Proposal Title

The Integrated Testlet: A powerful multiple-choice approach for STEM assessment.

Session Type

Workshop

Room

P&A Rm 106

Start Date

July 2015

Keywords

assessment, scaffolded learning, answer-until-correct (AUC), immediate feedback, multiple choice testing, knowledge integration

Primary Threads

Evaluation of Learning

Abstract

Multiple-choice testing is becoming more common as student populations rise and instructional resources dwindle. Such testing is easy to implement, reliable, and inexpensive, yet its validity is often in question (Scott, Stelzer, & Gladding, 2006). In an effort to find inexpensive, streamlined, and valid ways to test knowledge integration and deeper levels of understanding we have introduced "integrated testlets" which complement recent extensions of the traditional multiple-choice approach (e.g. Ding, Reay, Lee, & Bao, 2011; and Wilcox & Pollock, 2014). Integrated testlets efficiently assess higher echelons of learning by utilizing answer-until-correct assessment tools within a set of multiple choice questions that share a common scenario and which build upon one another. These also allow for straightforward and demonstrably-valid granting of partial credit. Integrated testlets enable conceptual scaffolding to be tested and, if desired, assembled during the assessment. Thus, they serve both summative and formative purposes.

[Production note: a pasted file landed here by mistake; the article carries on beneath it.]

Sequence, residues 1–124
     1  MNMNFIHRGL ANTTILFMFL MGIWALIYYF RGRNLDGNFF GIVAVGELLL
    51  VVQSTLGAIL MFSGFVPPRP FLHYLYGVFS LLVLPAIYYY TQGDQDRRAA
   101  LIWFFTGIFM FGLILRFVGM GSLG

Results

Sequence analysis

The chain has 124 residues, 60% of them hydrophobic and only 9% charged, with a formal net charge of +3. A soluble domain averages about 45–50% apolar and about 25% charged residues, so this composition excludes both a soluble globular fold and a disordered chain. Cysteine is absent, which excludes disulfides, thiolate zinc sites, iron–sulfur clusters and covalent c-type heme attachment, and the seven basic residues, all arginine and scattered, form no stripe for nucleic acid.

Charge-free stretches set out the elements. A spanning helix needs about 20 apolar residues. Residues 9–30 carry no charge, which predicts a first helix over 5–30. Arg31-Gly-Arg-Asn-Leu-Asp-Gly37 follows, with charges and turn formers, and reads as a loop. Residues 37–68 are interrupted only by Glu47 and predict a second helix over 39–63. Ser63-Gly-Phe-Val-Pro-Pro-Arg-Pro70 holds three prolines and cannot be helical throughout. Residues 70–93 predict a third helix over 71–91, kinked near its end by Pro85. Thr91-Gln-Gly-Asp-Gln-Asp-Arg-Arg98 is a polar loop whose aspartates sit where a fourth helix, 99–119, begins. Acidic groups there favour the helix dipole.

In this workshop we will introduce examples of integrated testlets that span the STEM disciplines. Participants will actively engage with one or two testlets of their choosing to gain experience with both the technology and the workings of this assessment tool. Time will then be devoted to unpacking these experiences and to highlighting the pedagogical implications of being able to assess integration of knowledge within a multiple-choice framework. Finally we will discuss how integrated testlets are currently transforming students’ learning experiences at Trent University.

Wilcox, B.R., & Pollock, S. J. (2014). Coupled multiple-response versus free-response conceptual assessment: An example from upper-division physics. Physical Review Special Topics - Physics Education Research, 10(2), 020124-1 – 020124-11. http://dx.doi.org/10.1103/physrevstper.10.020124

Ding, L., Reay, N., Lee, A., & Bao, L. (2009). Exploring the role of conceptual scaffolding in solving synthesis problems. Physical Review Special Topics - Physics Education Research, 7(2), 020109-1 – 020109-11. http://dx.doi.org/10.1103/physrevstper.7.020109

Scott, M., Stelzer, T., & Gladding, G. (2009). Evaluating multiple-choice exams in large introductory physics courses. Physical Review Special Topics - Physics Education Research, 2(2), 020102-1 – 020102-14. http://dx.doi.org/10.1103/physrevstper.7.020102

Elements of Engagement